Private Email Access and the Stored Communications Act Tue, 29 Sep 2015 10:00:37 +0000 Employees often ask whether their employer can access their private email messages that were used on the employer’s computer.  Generally, the answer to this inquiry is no, employers cannot intentionally access private email communication without your authorization.  This may likely constitute a violation of the Stored Communications Act.  Employees have no expectation of privacy with their work email accounts, but private accounts such as gmail, yahoo, and hotmail are generally protected.

Private Email Access and the Stored Communications Act

In 1986, Congress amended the Electronic Communications Privacy Act to include the Electronic Communications Storage Act, simply known as the Stored Communications Act.  Congress passed the Stored Communications Act to protect the privacy interests of individuals in their personal and proprietary information.  The Stored Communications Act prohibits anyone who “intentionally accesses without authorization a facility through which an electronic communication service is provided . . . and thereby obtains, alters, or prevents authorized access to a wire or electronic communication while it is in electronic storage in such system.”  18 U.S.C. 2701(a).  “Electronic storage” is defined as “any temporary, intermediate storage of a wire or electronic communication incidental to the electronic transmission thereof; and any storage of such communication by an electronic communication service for purposes of backup protection of such communication.”  18 U.S.C. 2510(17).

The Stored Communications Act has teeth.  The Stored Communications Act provides a private cause of action and permits actual damages, punitive damages, and attorneys’ fees and costs. 18 U.S.C. 2707.  Although the Stored Communications Act has been around for years, this is a new developing area of the law.  For example, it is unclear whether modern technology such as cell phones, Ipads, and google glasses would be covered under the Stored Communications Act.   This is a typical example of the law not being able to keep up with technology.

The Indianapolis employment law firm of Fox Williams & Sink serves clients throughout the state of Indiana with a wide range of employment issues including: Non-compete issues, Discrimination, Employment Litigation and Arbitration, Wrongful Termination, Fair Labor Standards Act, Overtime Compensation, Wage Claims, Racial Harassment, Sexual Harassment, Constitutional Law, Government Employees, Employment Contract Negotiations, and Unemployment issues.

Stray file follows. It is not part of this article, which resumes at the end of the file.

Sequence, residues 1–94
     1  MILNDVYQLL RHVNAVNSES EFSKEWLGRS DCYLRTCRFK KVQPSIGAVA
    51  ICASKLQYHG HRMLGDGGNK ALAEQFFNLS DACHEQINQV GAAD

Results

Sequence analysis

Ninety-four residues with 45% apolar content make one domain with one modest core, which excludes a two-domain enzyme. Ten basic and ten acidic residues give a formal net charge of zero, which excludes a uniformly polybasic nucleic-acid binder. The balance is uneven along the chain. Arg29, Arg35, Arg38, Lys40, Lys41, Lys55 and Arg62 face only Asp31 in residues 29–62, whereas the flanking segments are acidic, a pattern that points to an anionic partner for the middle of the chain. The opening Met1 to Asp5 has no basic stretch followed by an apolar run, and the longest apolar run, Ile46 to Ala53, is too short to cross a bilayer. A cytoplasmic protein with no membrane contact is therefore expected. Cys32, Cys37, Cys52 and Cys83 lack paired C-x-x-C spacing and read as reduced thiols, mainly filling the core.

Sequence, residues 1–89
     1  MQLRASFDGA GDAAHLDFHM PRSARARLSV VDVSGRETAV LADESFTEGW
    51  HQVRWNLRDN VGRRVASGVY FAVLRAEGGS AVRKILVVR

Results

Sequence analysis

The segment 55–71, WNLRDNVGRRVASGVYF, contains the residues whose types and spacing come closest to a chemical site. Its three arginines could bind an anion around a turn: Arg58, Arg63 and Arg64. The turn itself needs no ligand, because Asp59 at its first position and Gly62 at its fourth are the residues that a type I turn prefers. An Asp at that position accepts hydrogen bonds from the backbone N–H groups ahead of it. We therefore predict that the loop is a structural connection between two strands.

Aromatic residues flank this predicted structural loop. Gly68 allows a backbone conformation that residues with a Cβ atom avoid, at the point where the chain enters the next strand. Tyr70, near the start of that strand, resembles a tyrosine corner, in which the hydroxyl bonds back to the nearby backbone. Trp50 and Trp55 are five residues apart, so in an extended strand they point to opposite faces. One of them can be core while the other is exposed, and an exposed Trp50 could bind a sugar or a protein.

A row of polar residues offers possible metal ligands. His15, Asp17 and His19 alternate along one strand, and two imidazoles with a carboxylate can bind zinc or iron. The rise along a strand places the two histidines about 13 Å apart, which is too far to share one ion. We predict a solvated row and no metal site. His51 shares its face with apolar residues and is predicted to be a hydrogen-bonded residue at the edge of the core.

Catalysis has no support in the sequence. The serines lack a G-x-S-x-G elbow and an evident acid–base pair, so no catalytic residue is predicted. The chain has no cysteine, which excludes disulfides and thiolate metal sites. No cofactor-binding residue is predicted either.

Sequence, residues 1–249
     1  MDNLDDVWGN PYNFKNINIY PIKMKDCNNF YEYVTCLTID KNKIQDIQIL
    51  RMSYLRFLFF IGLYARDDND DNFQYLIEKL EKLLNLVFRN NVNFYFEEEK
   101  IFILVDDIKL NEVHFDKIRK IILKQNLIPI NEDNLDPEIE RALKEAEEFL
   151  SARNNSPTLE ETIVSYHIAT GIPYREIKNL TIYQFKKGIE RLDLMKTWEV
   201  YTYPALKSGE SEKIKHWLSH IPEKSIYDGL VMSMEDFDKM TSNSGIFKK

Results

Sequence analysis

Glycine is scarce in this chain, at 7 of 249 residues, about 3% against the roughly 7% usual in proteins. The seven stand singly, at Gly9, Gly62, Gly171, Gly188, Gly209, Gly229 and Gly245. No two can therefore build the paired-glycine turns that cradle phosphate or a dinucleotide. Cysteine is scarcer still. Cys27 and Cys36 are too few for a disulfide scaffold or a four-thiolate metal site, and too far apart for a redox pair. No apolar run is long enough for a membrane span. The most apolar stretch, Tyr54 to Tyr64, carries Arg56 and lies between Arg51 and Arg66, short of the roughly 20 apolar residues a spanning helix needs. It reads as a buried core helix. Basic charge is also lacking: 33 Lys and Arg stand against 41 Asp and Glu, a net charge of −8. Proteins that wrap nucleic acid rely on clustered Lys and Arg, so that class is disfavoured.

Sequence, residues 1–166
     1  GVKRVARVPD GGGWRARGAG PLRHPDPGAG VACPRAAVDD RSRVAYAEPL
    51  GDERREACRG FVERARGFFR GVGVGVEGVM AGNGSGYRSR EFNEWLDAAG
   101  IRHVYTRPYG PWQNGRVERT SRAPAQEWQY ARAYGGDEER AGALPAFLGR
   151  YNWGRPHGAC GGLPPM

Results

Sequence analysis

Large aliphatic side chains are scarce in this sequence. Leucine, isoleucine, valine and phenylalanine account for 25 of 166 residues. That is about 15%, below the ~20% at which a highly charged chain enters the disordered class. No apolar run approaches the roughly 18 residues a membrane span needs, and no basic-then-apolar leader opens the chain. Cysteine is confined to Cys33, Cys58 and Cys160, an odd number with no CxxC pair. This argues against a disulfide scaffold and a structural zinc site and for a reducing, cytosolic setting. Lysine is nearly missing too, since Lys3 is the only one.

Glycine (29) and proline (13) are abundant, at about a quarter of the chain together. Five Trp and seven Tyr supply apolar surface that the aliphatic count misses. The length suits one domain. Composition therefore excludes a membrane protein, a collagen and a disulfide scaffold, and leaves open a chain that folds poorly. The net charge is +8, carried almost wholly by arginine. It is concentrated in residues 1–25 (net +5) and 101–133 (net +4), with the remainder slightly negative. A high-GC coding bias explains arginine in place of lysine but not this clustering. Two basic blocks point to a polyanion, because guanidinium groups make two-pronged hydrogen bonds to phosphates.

Our firm was founded to bring together the legal expertise found in a large corporate firm, with the personal service and responsiveness that a boutique litigation firm can provide. Our ability to serve both employees and small business employers means we have a deep knowledge of both sides of all employment issues. This fair and balanced perspective within an agile firm allows for creative and practical solutions for our clients.

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Indiana’s Minimum Wage Law: No Overtime Claim for Law Enforcement Employee of Small Employer Thu, 17 Sep 2015 10:00:45 +0000 Sometimes, the law falls well short of reasonable expectations.  Sometimes, people suffer clear injuries, and the law simply fails to provide an adequate remedy.  This is clearly the case in what happened in the matter of Richardson v. Town of Worthington, (Ind. Ct. App. Sept. 17, 2015).  Richardson sought unpaid overtime wages under Indiana’s Minimum Wage law.  As will be explained, because of Richardson’s unique circumstances, he is not able to prosecute his wage claim under either Indiana’s Minimum Wage law or under the Fair Labor Standards Act, the federal counterpart.